[1] http://supremecourtofindia.nic.in/supremecourt/2017/41322/41322_2017_Order_10-Jan-2018.pdf

Withdrawal Application after Initiation of Corporate Insolvency Proceedings under the IBC

Introduction

In case of any disputes between the parties, there are probabilities that parties might compromise and settle the matter during the pendency of the case before the Court.  In this blog, we analyse the situation where the application has been made before the National Company Law Tribunal (the NCLT) or National Company Law Appellate Tribunal (the NCLAT) under the Insolvency and Bankruptcy Code 2016 (the Code) and in case if such application has been admitted and the Corporate Insolvency Resolution Process (the CIRP) is initiated by the NCLT and the parties with consensus ad idem wish to withdraw the said application.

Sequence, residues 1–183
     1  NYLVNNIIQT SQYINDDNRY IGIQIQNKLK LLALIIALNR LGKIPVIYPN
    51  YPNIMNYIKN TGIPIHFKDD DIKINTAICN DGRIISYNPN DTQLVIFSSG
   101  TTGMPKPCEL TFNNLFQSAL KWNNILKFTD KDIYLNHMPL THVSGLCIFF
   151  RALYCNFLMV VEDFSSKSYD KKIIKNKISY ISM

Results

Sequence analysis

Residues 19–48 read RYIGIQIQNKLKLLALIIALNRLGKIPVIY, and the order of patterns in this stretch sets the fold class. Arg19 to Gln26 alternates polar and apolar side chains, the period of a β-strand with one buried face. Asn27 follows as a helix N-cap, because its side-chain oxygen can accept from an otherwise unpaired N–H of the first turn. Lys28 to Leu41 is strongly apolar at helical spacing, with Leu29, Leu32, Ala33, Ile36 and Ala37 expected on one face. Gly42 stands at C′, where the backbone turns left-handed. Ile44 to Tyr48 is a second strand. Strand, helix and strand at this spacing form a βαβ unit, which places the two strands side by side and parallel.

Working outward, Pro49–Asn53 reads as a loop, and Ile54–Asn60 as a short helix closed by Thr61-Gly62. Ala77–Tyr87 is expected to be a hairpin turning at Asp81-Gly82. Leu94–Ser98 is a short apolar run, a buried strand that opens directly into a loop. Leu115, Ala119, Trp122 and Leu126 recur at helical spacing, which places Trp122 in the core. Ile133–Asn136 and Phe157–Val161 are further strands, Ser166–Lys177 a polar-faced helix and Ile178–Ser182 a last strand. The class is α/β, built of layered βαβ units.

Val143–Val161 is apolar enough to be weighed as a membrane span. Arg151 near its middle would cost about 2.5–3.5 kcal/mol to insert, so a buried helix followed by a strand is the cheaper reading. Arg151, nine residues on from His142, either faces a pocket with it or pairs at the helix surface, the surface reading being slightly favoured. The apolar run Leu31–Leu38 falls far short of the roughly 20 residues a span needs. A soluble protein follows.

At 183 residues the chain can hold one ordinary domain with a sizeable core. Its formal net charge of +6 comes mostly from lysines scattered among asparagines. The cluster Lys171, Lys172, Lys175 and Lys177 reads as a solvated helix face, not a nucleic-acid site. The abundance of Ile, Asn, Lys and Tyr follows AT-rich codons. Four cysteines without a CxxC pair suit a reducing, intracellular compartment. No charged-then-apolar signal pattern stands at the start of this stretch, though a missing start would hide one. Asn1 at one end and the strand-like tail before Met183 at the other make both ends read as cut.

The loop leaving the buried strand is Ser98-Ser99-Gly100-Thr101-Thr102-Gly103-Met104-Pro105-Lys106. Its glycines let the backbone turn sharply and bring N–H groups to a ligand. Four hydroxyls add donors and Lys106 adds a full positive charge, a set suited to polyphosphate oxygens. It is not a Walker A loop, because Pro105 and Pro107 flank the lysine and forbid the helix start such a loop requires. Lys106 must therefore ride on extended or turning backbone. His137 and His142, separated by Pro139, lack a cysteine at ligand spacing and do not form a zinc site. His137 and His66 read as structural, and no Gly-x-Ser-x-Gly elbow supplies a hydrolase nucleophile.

On July 24, 2017, the Hon’ble Supreme Court in case of Nisus Finance and Investment Managers LLP (“Facility Agent” or “Financial Creditor”) and Lokhandwala Kataria Construction Pvt. Ltd. (“Debtor”) ordered that the application for CIRP could be withdrawn or the subject matter could be settled by the parties even after the CIRP have been initiated.

Facts of the Case: